Yersinia pestis, the causative agent of plague, was the most deadly of all the bacterial pathogens in ancient and medieval times. However, in recent years there has been a steady increase in plague morbidity, in the extent and number of plague-endemic areas, and most frighteningly, for the first time strains possessing broad resistance to most antibiotics use to treat plague. Combined with the need for immediate effective treatment, the emergence of resistant strains is especially troubling and highlights the need for an improved understanding of any unique susceptibilities that this bacterium might have, and for molecules that take advantage of the susceptibility. We have recently observed that Y. pestis is hypersensitive to the arylomycin class of natural product antibiotics. In other bacteria, we and others have demonstrated that these antibiotics act via a novel mechanism, namely the inhibition of the bacterial enzyme signal peptidase I (SPase), and thus the inhibition of protein secretion, for which SPase is required. Indeed, it is possible that the obligate parasite Y. pestis is hyperdependent on protein secretion to assemble the systems required for the establishing infections and for scavenging nutrients from its environment. The distinct hypersensitivity supports a stronger reliance on protein secretion for viability in Y. pestis, suggesting that antibiotics targeting secretion might be of particular utility for treating plague. We will seek to define the origins of the hypersensitivity of Y. pestis to the arylomycins via four Aims. First, biochemical and genetic methods will be used to determine whether Y. pestis SPase is produced at unusually low levels or whether the arylomycins bind it with an unusually high affinity (Aim 1). Next, transcriptional profiling will be used to determine whether Y. pestis is deficient in initiating stress responses used by other bacteria to better tolerate the protein secretion stress mediated by the arylomycins (Aim 2). We will then use 2D-LC/MS/MS to determine if the Y. pestis hypersensitivity results from inhibiting the secretion of specific proteins, either that form toxic intermediates or that are required for nutrient acquisition (Aim 3). Lastly, the mechanism by which Y. pestis evolves resistance to the arylomycins will be determined by using whole genome re-sequencing to characterize clones evolved to be resistant in vitro (Aim 4). This approach will provide the first detailed analysis of the arylomycins as anti-plague antibiotics and should reveal the biochemical origins of their unique anti-Y. pestis activity. In addition, the results should determine whether Y. pestis is particularly susceptible to inhibitors of protein secretion, with fundamental implications for our understanding of its physiology and for how antibiotics might be developed for its treatment.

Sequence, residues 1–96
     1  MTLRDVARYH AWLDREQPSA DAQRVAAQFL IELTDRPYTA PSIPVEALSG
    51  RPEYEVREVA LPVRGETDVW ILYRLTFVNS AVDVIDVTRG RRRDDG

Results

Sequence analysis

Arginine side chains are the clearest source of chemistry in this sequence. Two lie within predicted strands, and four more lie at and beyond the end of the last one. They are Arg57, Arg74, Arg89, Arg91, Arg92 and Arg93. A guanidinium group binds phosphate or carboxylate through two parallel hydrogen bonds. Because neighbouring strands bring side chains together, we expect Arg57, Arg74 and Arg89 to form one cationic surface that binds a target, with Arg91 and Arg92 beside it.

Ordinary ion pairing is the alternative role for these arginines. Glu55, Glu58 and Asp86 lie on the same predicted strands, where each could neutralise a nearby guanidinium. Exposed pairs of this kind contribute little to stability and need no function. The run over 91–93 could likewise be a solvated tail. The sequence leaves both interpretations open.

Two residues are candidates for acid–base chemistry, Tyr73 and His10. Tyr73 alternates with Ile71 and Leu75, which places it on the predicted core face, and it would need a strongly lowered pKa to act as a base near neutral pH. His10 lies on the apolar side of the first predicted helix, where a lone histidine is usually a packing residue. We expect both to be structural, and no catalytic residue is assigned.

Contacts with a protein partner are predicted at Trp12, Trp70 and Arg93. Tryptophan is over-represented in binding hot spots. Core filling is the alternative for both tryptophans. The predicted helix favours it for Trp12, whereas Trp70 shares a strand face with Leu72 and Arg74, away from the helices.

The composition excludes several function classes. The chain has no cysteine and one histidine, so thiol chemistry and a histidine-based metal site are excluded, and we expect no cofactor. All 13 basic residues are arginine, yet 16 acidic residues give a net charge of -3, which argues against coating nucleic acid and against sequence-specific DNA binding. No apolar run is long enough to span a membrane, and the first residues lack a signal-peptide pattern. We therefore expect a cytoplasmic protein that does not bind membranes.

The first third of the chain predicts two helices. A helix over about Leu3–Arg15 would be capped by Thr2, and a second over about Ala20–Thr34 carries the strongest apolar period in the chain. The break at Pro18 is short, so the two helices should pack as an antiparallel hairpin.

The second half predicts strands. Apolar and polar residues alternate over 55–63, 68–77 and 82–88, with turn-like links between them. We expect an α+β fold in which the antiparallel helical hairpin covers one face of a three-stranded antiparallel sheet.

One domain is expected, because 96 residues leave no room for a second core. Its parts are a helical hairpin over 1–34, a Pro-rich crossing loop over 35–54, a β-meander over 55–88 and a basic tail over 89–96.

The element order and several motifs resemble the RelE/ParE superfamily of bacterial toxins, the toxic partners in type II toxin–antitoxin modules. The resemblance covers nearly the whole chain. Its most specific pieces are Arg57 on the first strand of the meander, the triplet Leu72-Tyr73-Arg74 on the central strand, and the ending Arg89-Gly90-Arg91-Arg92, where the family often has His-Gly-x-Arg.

The emergence of drug resistance in Yersinia pestis, the causative bacterium of plague, brings with it the threat that the most devastating disease in human history will return. As an obligate parasite, Yersinia pestis relies on protein secretion to deliver toxins and scavenge nutrients, and we have found that it is hypersensitive to a novel class of natural products that are known to inhibit protein secretion in other bacteria. We propose to characterize the origins of the hypersensitivity, in an effort to validate the inhibition of protein secretion as a new and especially promising approach to developing drugs to combat this ancient but re-emergent disease.